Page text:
Cookies on this website

We use cookies to ensure that we give you the best experience on our website. If you click 'Accept all cookies' we'll assume that you are happy to receive all cookies and you won't see this message again. If you click 'Reject all non-essential cookies' only necessary cookies providing core functionality such as security, network management, and accessibility will be enabled. Click 'Find out more' for information on how to change your cookie settings.

Purple membranes (PM) are two-dimensional crystals formed by bacteriorhodopsin and a variety of lipids. The lipid composition and density in the cytoplasmic (CP) leaflet differ from those of the extracellular (EC) leaflet. A new way of differentiating the two sides of such asymmetric membranes using the phase signal in alternate contact atomic force microscopy is presented. This method does not require molecular resolution and is applied to study the stiffness and intertrimer lipid mobility in both leaflets of the PM independently over a broad range of pH and salt concentrations. PM stiffens with increasing salt concentration according to two different regimes. At low salt concentration, the membrane Young's normal modulus grows quickly but differentially for the EC and CP leaflets. At higher salt concentration, both leaflets behave similarly and their stiffness converges toward the native environment value. Changes in pH do not affect PM stiffness; however, the crystal assembly is less pronounced at pH > or = 10. Lipid mobility is high in the CP leaflet, especially at low salt concentration, but negligible in the EC leaflet regardless of pH or salt concentration. An independent lipid mobility study by solid-state NMR confirms and quantifies the atomic force microscopy qualitative observations.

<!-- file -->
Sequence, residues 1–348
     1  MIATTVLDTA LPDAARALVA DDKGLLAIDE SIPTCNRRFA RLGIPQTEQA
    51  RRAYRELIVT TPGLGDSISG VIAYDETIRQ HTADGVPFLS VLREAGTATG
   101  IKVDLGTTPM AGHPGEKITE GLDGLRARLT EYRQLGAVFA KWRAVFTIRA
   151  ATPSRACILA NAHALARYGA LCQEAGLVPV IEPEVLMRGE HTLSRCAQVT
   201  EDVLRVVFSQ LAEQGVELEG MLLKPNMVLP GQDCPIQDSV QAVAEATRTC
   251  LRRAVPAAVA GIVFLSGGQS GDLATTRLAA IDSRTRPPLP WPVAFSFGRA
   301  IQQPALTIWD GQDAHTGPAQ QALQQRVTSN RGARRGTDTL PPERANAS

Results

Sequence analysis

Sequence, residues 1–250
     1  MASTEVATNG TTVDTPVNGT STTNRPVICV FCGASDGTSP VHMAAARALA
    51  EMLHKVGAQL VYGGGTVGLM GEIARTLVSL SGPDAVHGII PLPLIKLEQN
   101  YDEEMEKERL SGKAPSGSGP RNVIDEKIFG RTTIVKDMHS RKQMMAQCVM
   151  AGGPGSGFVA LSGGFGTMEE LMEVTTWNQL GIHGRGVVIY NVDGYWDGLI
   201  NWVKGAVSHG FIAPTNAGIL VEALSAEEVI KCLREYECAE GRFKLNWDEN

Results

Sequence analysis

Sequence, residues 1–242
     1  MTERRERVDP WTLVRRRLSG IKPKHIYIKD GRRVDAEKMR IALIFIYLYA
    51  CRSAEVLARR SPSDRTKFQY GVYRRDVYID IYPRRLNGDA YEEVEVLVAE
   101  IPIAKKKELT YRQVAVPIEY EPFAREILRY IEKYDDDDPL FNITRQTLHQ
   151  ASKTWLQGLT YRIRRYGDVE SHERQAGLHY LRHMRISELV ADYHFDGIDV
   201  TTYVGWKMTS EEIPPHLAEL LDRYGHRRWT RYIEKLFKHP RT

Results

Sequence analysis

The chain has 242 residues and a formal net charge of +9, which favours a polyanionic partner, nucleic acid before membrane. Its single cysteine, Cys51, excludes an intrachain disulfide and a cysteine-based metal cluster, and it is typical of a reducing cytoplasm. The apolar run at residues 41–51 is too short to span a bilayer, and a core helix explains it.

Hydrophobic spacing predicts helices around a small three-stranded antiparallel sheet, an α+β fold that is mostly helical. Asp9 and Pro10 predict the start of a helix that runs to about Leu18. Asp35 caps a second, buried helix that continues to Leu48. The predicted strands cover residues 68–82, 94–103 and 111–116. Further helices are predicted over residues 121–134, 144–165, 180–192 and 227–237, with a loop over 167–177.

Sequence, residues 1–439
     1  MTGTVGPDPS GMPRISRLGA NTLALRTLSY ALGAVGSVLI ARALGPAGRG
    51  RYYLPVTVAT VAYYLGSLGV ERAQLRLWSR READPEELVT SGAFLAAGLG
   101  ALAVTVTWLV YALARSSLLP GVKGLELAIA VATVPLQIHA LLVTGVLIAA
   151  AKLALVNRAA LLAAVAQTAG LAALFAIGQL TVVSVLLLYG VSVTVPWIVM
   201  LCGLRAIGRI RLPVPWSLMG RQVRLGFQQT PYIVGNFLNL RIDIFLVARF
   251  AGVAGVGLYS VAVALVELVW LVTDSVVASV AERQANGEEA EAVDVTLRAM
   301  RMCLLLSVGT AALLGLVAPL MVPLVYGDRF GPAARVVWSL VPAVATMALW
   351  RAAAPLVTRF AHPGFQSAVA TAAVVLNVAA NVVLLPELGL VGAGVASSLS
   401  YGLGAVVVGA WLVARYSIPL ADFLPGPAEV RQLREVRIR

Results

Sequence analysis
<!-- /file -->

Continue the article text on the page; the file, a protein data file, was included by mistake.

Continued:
Original publication




Journal article


Biophys J

Publication Date





2075 - 2085


Cell Surface Extensions, Elasticity, Membrane Fluidity, Membrane Lipids, Microscopy, Atomic Force, Molecular Conformation, Purple Membrane, Salts, Stress, Mechanical